The Lab Experience- If the lab taught Tess anything, it was the value of partnership. Tess was most impressed by how collaboration was encouraged within the lab environment to help participants flesh out ideas and possibly partner to develop new ideas together. She noted that before entering the lab, she never realized how few partnerships proliferate within the social sector, despite the inherent value of driven individuals working together toward similar goals. Tess noted that the lab demonstrated how joining forces allows for like-minded and passionate people to create even bigger initiatives with broader reach, thereby effecting greater social change.
The Idea- Tess came to the lab with the idea for a new startup, Soceana, a technology platform to measure and facilitate employee volunteerism within corporations. Through the lab, Tess and her colleagues were encouraged to think bigger and they further came up with the concept of Philas, a patent-pending digital currency.
The Pitch- Tess and her colleagues in attendance pitched to funders at the conclusion of the social innovations lab and received positive feedback and support. While they did not receive direct funding as a result of the pitch itself, the network they continued to build through investors they met in the lab led to major funding to get the operation off the ground.
Outcome- One year after the lab, Soceana is a growing organization with an impressive advisory board, passionate management team and a product on the verge of taking off. Tess credits the lab experience as paving the way for Soceana to win third prize in the Wharton Business Plan Competition, as their executive summary and pitch were based on the principles they learned through the lab experience.
Takeaways- The lab experience was invaluable and eye-opening for Tess and her growing business, Soceana. They say it takes a village to raise a child, and Tess said that the same concept is true of startups and social enterprises. The direct hands-on approach of SIL provided Tess with the necessary structure to organize her ideas and develop a plan of execution. Furthermore, the emphasis on partnership has helped her to establish an expansive network of investors, advisors and other like-minded individuals, enabling her to scale her business and realize her full potential as a social entrepreneur.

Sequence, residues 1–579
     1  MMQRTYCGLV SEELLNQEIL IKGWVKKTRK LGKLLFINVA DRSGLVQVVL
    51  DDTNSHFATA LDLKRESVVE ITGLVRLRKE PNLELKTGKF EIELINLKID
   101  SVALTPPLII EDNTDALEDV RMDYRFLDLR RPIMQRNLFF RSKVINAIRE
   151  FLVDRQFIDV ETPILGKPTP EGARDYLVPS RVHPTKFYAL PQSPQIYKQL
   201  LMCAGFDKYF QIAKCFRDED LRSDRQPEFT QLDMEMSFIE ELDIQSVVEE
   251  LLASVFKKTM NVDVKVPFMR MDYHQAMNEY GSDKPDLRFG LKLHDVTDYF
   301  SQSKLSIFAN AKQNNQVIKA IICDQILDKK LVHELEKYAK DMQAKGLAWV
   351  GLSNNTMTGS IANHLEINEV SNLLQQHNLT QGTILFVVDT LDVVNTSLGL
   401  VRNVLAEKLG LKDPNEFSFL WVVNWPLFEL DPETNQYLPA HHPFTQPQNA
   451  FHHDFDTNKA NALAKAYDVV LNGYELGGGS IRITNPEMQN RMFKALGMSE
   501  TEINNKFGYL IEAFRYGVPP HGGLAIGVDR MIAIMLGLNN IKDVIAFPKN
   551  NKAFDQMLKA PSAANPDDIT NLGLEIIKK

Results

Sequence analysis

Innovation- Pivot Program as a part of Turning Points for Children
Social Entrepreneur- Dawn Holden
Session- Spring 2015
Background- Turning Points for Children, an affiliate of Public Health Management Corporation (PHMC), is a nonprofit organization that provides support in the form of services and programs to families with children facing economic and environmental challenges. When Dawn Holden, the organization’s CFO, joined the spring 2015 cohort, she felt very comfortable with entrepreneurship; however, she was hesitant as to how she could effectively take her innate entrepreneurial spirit and use it to impart social impact.
The Lab Experience- Through participation in SIL, Dawn was most impressed by the idea exchanges that occurred between herself and the other social visionaries within her cohort, describing the experience as energizing as well as motivational. In addition, she appreciated how the lab forced participants out of their comfort zones, helping them to hone their public speaking skills and maximize their ability to concisely communicate their ideas in relatable ways. Dawn notes that it was especially interesting to see how the participants’ presentations improved from week to week, eventually getting to the point where they were ready to be pitched to potential funders.
The Idea- Dawn and her colleagues proposed the creation of the Pivot Program, an extension of Turning Points for Children that would offer transitional support for children aging out of the foster care system. The program would provide participants with housing, case management, mentorship and the resources to develop the necessary life skills to become gainfully employed and no longer dependent on public assistance services.
The Pitch- The pitch received overwhelmingly positive feedback—in fact, it was voted the number one innovation of the spring 2015 cohort and it sparked a series of ongoing conversations between Turning Points and business leaders, funders and other stakeholders with an interest in the project.
Outcome- The Pivot program is still in the incubation phase; however, as a result of SIL, they have many promising leads for the seed funding to initiate the project as well as an interested network of professionals to provide additional support and services.
Takeaways- The lab experience provided Dawn with the tactical skills to turn an idea into an execution. Like other lab participants, Dawn credits the experience as not only helping her to fine tune her social entrepreneurship skills, but gain the confidence to develop and present an idea and increase the likelihood that it would reach the execution phase. The nonprofit sector is generally fueled by individual passion for social change and Dawn credits SIL as effectively preparing her to articulate that passion to the stakeholders that will ultimately turn her seedling idea into a blooming social innovation.